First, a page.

Lambing Flat Riot
In 1861 there were around 13,000 Chinese in New South Wales, 12,200 of whom were working in the gold fields. The Chinese migrated from one gold field to another, where they worked in labor-sharing groups of 30 to 100 people.
The gold on the Lambing Flats lay in the alluvial land on river banks that were interspersed with sand and clay. It contained mostly gold tinsel and a few nuggets . It was wet and dirty work. The overwhelming majority of the Chinese were farmers and were used to long daily hours and such work, and also worked on Saturdays. They lived a simple lifestyle. In contrast, the Europeans were after nuggets and mostly work alone and in small groups.
The Lambing Flats are in the Burrangong region and the gold fields were on the banks of Spring Creek, Stoney Creek, Back Creek, Wombat, Blackguard Gully and Tipperary Gully. Violent altercation, Lambing Flat Riots, took place within 10 months from November 1860 to September 1861.
On December 12, 1860, the prospectors expelled the Chinese, injuring some. When Captain Zouch, the commander of the Southern Police Patrol , questioned the Chinese, they are said to have given no information about the injured. At the end of January 1861, the Chinese were again driven out by force of arms, whereupon they turned to the police. The police were then reinforced. With the roll up banner and accompanied by music, gold prospectors marched to the Blackguard Gully and drove out 200 Chinese.
The government of New South Wales brought 20 armed police officers and 130 soldiers, including cavalry with three guns, to Lambing Flats on February 25, 1861 . The Prime Minister of New South Wales Charles Cowper came on March 2 at the Lambing Flats. When 80 prospectors formed the Miners Protective League on January 31 , they complained that the Chinese were wasting the water they need to prospect for gold and demanded a 6p fine if a river ran dry. They announced this to the Prime Minister, who promised that he would take care of it, but demanded that no attack on Chinese people or property be allowed.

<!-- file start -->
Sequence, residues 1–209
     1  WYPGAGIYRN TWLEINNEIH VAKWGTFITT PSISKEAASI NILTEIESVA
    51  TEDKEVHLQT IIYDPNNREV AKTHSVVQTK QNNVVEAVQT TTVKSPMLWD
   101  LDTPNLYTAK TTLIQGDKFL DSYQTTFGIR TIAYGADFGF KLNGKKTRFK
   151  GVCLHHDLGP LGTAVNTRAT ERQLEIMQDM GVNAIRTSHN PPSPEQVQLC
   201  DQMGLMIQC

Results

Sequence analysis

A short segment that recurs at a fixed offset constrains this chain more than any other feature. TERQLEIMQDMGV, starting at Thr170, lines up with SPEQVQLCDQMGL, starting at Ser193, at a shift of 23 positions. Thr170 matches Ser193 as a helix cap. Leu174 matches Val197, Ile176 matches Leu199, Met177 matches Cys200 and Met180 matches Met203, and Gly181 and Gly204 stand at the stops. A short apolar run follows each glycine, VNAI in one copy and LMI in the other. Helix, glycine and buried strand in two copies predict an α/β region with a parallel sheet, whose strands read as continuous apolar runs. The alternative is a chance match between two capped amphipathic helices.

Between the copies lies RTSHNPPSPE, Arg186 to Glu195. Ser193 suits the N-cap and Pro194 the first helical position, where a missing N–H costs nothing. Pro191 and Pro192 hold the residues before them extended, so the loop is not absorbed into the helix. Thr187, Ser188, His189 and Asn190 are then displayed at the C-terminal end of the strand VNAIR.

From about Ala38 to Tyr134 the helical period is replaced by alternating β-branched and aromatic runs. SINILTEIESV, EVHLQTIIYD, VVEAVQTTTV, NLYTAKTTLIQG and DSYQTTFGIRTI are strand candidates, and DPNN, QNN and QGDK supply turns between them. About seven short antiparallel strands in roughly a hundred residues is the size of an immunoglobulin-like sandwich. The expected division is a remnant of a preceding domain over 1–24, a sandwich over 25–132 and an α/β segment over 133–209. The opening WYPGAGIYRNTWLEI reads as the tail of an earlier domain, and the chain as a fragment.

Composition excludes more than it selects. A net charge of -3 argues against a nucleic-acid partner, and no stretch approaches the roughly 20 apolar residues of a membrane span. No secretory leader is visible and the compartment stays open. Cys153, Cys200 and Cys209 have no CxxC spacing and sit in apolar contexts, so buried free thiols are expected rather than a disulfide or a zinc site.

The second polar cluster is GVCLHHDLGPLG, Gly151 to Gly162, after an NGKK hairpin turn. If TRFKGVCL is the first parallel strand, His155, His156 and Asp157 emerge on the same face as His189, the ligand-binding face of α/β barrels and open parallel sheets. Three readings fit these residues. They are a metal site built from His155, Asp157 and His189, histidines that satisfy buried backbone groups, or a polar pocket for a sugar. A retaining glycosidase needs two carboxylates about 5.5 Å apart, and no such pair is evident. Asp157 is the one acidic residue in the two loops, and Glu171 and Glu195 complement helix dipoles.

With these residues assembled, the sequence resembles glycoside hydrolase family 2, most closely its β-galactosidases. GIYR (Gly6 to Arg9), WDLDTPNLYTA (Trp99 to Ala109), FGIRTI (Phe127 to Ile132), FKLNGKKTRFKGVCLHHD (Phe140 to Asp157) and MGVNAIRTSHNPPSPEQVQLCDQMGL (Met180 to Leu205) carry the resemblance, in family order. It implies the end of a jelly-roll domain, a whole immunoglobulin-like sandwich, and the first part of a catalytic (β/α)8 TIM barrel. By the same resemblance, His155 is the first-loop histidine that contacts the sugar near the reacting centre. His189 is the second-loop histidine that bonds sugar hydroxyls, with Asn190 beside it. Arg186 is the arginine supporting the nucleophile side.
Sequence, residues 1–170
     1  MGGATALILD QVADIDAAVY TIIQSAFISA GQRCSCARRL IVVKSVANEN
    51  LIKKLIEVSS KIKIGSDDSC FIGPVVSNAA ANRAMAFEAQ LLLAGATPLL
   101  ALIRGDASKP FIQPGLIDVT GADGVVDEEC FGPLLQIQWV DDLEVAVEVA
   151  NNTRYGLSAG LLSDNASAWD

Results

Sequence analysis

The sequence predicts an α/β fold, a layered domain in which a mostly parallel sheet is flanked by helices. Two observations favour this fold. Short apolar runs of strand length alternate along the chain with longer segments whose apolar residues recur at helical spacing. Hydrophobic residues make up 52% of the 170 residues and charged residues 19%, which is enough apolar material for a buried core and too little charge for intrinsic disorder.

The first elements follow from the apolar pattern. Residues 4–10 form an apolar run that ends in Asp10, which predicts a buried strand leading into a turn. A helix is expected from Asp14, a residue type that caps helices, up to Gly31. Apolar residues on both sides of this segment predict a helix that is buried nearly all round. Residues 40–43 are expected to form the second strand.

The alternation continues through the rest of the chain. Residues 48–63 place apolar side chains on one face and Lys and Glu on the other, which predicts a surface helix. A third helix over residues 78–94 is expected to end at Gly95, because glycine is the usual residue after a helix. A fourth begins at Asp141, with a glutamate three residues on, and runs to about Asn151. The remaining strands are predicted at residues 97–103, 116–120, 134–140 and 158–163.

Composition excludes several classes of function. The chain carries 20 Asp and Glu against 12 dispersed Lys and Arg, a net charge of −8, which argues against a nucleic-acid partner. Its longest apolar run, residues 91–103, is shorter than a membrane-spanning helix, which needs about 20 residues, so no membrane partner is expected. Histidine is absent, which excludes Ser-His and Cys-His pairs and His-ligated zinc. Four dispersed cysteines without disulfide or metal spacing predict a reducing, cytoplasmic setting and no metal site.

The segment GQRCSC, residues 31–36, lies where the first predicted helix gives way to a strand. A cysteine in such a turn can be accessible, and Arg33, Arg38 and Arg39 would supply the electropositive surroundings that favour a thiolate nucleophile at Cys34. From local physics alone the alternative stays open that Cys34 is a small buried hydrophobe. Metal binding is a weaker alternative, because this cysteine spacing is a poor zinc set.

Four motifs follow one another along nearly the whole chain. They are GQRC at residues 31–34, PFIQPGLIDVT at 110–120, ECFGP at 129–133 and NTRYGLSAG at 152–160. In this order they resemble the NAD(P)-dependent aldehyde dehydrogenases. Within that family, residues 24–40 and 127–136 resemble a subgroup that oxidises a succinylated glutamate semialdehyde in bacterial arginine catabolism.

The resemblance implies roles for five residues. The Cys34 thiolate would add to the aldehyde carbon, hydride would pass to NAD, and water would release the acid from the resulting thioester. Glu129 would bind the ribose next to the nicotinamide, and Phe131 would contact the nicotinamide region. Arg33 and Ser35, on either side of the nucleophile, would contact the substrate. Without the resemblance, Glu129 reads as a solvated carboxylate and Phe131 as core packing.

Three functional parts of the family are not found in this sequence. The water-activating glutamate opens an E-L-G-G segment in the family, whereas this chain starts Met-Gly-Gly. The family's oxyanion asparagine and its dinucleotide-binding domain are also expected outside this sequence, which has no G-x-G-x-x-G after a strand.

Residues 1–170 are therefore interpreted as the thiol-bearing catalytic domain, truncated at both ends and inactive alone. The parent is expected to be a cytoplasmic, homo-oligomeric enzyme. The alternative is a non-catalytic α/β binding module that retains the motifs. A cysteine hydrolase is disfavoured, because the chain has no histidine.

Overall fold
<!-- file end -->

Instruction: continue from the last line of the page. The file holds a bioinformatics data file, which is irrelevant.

When in the middle of 1861 it was reported that 1,500 Chinese had landed in Sydney and were moving to Lambing Flat, the European prospectors felt threatened and formed meetings and voted in "Roll Up." No Chinese ”(the Chinese are disappearing). On June 14, 1861, there was the strongest riot when 3,000 gold prospectors, some of them drunk, marched to the Chinese gold digger camp. There they set fire to their tents, including clothing and furnishings, and destroyed the equipment at the gold prospectors' workplaces.
The government of New South Wales enacted the Chinese Immigration Act in 1861 . The later White Australia Policy prevented the immigration of Asians from 1901 and made it more difficult after the Second World War .
- Lambing Flat Riots. Violence against Chinese miners on nma.gov.au
- Chinese Heritage on chaf.lib.latrobe.edu.au
- Paul Jones: Chinese – Australian Journeys. Records on Travel, Migration and Settlement, 1860–1975 on naa.gov.au
- Janis Wilton: Golden threads: the Chinese in regional NSW 1850-1950
- Lambing Flat Roll Up Banner c.1860s at migrationheritage.nsw.gov.au , accessed April 11, 2010
- Young History: A colorful history emerges from the goldfields at Lambing Flat on young.nsw.gov.au ( memento of the original from October 30, 2009 in the Internet Archive ) Info: The archive link was inserted automatically and has not yet been checked. Please check the original and archive link according to the instructions and then remove this notice. , accessed April 11, 2010